Jennifer Southee

A Journalism Experiment

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    • onMason Round-Up – 4-30-12 April 30, 2012
      Here’s a selection of interesting posts from across onMason. “Federman Beats Cancer” by Gregory Connolly Gregory Connolly’s article takes a highly sympathetic and insightful look at Jacob Federman, a junior sports management major at George Mason who has twice beaten Hodgkin’s lymphoma. After first beating the cancer in high school, he experienced a relapse as a freshman at Mason, […]
    • onMason Round-Up – 4-23-12 April 23, 2012
      Let’s check out some of the most interesting posts from last week throughout onMason. “An interview with Mason Dining’s Dietitian Lois Durant” by Nicole Merrilees This interview with Lois Durant provides insight to the life and hard work of a Mason employee who likely often goes unrecognized for her role in maintaining the high quality of life students […]
    • onMason Round-Up – 4-10-12 April 10, 2012
      In the new onMason round-up we take a look at some of the most interesting posts throughout onMason. “Tragedy and Twitter” by Karina Schulthesis This is an account of how social network sites like Twitter have changed the way people respond to and deal with school shootings. In order to make her article more effective, Karina begins with an […]

Briggs Review 8: Video journalism

Posted by jsouthee on March 20, 2011

Video journalism is an important way of telling a news story, whether its breaking news or a documentary, but there are a few different approaches. The biggest question one might ask is how much the quality of the video matters, and the answer is not much: “…the audience for video has become extremely forgiving and is now open to all levels of quality…quick and less polished video content on news sites often draws bigger audiences.” Sometimes the less polished videos are the most authentic ones and the audience knows it and is drawn to it.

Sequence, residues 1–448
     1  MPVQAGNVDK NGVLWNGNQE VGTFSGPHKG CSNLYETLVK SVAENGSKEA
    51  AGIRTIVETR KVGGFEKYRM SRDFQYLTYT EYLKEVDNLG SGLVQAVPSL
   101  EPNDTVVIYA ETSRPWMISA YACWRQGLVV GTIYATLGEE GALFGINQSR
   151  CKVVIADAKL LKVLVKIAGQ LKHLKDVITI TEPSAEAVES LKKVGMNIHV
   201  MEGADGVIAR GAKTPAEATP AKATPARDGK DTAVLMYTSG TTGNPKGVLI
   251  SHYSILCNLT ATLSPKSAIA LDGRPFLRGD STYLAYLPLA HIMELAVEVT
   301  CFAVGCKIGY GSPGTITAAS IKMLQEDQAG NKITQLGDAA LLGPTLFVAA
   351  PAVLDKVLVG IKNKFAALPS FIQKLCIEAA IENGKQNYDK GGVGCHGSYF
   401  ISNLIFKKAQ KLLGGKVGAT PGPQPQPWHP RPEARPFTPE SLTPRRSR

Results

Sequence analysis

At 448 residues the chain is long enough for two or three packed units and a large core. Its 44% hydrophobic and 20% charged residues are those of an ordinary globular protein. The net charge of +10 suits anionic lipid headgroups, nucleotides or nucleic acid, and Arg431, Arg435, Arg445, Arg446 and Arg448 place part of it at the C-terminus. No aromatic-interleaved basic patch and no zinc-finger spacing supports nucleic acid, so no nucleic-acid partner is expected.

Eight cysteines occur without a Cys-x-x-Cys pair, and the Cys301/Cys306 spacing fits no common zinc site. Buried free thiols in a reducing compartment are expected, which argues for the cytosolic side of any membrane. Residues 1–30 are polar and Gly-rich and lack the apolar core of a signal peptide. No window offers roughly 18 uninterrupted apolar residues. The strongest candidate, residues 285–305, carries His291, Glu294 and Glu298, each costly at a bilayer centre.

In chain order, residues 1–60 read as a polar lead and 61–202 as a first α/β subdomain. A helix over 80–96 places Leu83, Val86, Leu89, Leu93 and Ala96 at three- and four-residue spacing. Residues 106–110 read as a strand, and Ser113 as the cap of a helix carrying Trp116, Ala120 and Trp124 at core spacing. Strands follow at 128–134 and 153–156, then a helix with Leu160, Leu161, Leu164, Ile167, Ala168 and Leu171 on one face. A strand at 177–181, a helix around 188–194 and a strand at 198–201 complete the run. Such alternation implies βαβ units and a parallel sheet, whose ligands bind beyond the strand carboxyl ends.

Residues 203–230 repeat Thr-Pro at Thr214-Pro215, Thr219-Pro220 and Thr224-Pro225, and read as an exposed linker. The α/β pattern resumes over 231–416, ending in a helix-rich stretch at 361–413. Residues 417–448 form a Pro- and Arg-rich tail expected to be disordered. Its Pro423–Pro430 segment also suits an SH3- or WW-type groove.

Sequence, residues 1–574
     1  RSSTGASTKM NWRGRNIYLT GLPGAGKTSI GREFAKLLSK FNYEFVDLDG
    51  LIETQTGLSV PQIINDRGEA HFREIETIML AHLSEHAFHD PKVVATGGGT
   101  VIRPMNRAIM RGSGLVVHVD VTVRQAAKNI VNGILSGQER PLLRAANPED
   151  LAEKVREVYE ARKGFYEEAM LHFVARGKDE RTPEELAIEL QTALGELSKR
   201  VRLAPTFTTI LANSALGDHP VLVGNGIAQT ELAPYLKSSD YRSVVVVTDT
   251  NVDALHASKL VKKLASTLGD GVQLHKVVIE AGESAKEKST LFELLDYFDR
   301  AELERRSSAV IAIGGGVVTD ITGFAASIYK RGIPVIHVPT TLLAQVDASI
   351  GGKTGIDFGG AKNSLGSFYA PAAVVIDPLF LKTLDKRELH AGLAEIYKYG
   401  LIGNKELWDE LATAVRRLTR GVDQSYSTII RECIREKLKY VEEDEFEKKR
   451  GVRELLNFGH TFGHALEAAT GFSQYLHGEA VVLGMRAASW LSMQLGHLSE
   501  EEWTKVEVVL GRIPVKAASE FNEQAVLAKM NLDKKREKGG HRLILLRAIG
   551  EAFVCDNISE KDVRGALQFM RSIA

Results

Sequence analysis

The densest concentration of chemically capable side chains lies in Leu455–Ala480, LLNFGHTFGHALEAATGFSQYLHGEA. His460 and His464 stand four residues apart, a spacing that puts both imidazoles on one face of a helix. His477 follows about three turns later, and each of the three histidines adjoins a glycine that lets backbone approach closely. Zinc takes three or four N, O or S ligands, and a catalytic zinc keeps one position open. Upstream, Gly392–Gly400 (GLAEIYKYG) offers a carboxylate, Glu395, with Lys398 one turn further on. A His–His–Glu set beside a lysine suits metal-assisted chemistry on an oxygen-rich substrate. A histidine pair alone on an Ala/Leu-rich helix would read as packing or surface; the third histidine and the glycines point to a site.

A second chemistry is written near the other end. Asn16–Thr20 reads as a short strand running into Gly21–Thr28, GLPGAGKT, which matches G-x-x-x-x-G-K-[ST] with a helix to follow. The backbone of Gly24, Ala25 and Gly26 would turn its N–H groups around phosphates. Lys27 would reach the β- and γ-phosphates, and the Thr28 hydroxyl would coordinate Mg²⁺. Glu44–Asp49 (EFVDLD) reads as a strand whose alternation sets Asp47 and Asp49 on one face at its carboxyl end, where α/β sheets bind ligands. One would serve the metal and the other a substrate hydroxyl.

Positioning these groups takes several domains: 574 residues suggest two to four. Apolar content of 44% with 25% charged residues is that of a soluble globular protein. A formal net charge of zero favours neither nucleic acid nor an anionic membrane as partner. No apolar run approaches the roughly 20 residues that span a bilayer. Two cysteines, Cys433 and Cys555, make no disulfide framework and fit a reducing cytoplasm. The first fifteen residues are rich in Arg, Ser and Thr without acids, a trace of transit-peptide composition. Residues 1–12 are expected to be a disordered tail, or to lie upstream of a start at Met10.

Here, for example, is a video clip of the Japanese tsunami of 2011:

It is a bit shaky and not the best quality, but it is a professional video clip from CBS. It is the content that the users are most interested in and not the quality, especially when it comes to breaking news.

The difference between producing breaking news stories and documentaries is the time you have to plan your story. With breaking news it is important to simply get to the news scene and get footage of witnesses, first-hand accounts, and the overall environment of the incident- even if it means using a cell phone to record video. If it is a documentary, then you will want to take your time on it and make a storyboard. For both documentaries and interviews you will want to create a script.

Here are some tips for recording video:

  • It is good to shoot a variety of ranges (wide, medium, and tight), but do not overuse zoom (aka don’t record while you are zooming) as it makes a video look more amateur.
  • Shoot video like you are taking a still picture. A tripod is a good idea.
  • Sound is important! Make sure the audio is loud and clear- nobody will watch a video if they can’t hear what’s going on. Also, have a variety of sounds in your video, like ambient (background) noise, natural noise, voiceovers, etc.

One important thing to remember is that you should always be flexible and record what may not seem important now but could become important later on.

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